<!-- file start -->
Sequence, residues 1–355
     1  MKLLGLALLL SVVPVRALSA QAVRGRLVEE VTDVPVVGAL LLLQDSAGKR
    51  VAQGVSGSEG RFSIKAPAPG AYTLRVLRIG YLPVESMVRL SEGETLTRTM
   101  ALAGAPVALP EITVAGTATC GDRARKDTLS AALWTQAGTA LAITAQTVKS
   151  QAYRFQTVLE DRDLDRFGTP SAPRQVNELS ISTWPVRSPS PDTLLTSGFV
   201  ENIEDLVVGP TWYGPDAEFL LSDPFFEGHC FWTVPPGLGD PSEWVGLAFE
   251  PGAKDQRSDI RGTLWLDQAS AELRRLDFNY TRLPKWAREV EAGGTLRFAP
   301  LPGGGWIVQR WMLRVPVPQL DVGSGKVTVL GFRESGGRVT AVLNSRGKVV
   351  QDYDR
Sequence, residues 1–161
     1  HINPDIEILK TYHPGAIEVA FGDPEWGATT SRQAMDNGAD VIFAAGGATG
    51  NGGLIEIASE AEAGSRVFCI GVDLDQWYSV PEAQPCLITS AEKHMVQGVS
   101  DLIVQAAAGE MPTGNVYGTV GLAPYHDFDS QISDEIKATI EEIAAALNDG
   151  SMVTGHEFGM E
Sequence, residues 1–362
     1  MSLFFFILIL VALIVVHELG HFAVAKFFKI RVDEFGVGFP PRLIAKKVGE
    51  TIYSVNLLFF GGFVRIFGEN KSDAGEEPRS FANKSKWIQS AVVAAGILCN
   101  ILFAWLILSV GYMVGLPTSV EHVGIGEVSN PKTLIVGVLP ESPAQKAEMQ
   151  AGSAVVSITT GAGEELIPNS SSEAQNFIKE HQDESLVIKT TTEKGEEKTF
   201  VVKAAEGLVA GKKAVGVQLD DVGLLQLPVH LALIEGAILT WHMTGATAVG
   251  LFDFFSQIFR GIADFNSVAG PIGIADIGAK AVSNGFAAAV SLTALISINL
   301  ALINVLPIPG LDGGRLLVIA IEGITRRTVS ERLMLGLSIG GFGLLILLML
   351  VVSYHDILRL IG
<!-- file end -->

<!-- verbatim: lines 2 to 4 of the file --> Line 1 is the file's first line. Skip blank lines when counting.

     1  MKLLGLALLL SVVPVRALSA QAVRGRLVEE VTDVPVVGAL LLLQDSAGKR
    51  VAQGVSGSEG RFSIKAPAPG AYTLRVLRIG YLPVESMVRL SEGETLTRTM
   101  ALAGAPVALP EITVAGTATC GDRARKDTLS AALWTQAGTA LAITAQTVKS